“But we need to follow this statement up with realism as well as a repetition of our request for your help— our need for blood is ongoing. Blood is perishable. It’s not something that we can put in a storage bank and take out when we need it. So, we constantly need blood from folks who can come and give.”
“One of the challenges with blood donations is that we’re competing with the other things on people’s schedules,” he adds. “Right now, many people have more time on their hands, and we want them to remember that they can put that to good use by coming to donate. And because we are considered an essential service, donors have license to travel to give blood.”
If you are healthy and eligible to donate blood, make an appointment by calling 1-800-REDCROSS or visit www.redcrossblood.org for a list of new blood donation locations near you. You can check your eligibility online by filling out their health screening questionnaire in advance.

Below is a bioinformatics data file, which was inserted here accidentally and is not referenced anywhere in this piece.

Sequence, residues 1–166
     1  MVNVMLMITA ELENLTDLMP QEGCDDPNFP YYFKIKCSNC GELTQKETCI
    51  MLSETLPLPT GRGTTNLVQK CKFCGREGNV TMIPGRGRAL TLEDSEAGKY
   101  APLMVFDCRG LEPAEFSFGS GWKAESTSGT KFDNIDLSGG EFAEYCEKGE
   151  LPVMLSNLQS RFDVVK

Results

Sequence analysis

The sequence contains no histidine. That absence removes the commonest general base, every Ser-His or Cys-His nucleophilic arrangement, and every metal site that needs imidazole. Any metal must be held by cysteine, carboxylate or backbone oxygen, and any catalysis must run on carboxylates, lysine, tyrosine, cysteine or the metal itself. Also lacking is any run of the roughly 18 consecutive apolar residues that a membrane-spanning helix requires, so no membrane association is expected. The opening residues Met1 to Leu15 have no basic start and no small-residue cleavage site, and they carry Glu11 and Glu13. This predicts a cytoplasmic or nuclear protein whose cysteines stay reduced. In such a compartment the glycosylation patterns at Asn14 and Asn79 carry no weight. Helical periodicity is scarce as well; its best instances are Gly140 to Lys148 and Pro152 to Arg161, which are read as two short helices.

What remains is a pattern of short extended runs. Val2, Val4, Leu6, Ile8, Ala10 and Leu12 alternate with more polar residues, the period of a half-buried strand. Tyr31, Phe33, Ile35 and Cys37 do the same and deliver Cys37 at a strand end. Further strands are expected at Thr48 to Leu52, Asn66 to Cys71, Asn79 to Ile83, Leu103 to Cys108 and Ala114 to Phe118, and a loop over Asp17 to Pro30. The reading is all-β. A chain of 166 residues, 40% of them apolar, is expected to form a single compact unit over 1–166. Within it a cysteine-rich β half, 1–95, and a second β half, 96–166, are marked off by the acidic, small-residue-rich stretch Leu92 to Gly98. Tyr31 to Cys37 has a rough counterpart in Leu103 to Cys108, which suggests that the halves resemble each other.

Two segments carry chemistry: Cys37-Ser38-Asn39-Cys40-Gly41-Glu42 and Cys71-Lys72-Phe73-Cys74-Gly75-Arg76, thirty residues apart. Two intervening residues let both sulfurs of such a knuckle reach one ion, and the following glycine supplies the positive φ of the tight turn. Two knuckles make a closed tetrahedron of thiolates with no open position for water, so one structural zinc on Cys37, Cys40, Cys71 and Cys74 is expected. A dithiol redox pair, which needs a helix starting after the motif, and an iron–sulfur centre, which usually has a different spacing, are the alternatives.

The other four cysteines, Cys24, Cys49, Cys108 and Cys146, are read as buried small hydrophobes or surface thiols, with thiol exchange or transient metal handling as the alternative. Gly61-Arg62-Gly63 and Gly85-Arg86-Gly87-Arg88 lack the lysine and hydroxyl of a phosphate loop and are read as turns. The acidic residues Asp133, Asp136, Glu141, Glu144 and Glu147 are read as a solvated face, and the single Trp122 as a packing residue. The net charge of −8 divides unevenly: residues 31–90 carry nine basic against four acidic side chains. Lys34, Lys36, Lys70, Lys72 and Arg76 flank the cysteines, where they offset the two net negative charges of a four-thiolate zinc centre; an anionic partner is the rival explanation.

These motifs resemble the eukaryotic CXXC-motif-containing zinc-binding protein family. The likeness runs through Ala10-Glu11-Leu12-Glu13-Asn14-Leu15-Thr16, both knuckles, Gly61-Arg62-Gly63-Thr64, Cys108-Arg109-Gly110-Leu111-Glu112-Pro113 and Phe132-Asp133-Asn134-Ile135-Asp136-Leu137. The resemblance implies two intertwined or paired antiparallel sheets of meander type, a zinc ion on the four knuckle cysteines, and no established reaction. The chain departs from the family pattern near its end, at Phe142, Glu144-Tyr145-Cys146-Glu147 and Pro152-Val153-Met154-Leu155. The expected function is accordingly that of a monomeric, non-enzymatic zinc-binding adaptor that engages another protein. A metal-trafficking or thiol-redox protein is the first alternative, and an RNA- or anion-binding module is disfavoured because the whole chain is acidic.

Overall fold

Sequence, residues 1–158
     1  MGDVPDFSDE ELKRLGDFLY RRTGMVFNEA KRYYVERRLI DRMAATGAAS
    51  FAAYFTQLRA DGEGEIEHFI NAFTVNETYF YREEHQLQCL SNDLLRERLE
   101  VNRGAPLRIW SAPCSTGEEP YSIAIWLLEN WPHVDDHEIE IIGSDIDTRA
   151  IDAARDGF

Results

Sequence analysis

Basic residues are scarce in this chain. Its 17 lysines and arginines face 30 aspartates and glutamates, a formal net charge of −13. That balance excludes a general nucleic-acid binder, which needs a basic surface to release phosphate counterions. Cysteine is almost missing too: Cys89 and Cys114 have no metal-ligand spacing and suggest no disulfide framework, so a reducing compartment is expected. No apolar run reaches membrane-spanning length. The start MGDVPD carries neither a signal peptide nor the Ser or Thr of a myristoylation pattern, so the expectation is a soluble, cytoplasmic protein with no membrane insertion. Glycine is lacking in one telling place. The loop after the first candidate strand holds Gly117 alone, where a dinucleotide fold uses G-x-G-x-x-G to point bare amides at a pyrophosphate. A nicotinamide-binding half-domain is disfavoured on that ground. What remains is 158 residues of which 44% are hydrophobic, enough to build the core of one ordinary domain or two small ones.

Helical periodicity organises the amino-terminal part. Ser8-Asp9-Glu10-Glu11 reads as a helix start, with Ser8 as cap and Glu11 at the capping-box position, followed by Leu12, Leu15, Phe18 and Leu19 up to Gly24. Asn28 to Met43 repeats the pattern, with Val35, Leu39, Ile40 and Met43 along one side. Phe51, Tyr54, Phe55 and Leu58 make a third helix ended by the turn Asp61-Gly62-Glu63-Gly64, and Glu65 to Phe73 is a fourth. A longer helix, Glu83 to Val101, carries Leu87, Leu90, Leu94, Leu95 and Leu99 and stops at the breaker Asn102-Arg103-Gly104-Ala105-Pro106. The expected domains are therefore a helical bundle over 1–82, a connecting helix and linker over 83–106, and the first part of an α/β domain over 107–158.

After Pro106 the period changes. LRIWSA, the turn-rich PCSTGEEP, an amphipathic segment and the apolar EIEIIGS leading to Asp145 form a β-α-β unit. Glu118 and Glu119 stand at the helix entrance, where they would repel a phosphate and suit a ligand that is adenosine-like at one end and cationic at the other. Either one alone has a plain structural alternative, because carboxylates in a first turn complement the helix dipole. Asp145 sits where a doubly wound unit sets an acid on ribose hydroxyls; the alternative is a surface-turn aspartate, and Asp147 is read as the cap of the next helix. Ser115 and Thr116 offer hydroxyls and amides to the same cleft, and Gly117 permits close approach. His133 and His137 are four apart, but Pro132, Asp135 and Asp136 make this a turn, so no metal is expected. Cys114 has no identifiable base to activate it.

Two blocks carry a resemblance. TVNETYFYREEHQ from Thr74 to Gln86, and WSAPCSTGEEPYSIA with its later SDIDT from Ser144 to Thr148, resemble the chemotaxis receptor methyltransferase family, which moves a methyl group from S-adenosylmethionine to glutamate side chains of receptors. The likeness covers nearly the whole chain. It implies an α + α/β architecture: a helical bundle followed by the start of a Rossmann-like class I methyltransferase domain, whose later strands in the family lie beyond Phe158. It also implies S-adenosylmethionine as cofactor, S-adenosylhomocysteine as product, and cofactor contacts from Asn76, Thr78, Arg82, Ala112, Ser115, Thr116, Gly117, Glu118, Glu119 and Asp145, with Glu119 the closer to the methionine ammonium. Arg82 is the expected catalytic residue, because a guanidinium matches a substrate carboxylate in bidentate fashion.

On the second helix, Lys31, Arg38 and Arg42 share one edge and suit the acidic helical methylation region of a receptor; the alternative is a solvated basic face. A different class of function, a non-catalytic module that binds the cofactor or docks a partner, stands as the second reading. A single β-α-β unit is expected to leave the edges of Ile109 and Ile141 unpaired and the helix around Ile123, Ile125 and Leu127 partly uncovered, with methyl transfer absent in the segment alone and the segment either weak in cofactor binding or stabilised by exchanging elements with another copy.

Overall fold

At this time, contacting the Red Cross via internet or phone is the best method of verifying a location to donate. Appointments are highly recommended both to ensure appropriate space is maintained between donors in keeping with CDC recommendations for social distancing, as well as to monitor how much blood is collected with how much is being distributed to hospitals.
“We may not have a slot tomorrow or two days from now, but definitely in two or three weeks we will,” Ben says. “This will be an ongoing need in the ensuing weeks and months.”
The Red Cross has implemented steps and procedures during the COVID-19 crisis to ensure the safety of all volunteers and donors.
“Medical personnel right up to the Surgeon General consider donating blood safe,” Amy Brauner, executive director of American Red Cross, says. “There have been no cases of this virus, nor any respiratory virus, being transmitted through blood, and this has been verified again and again.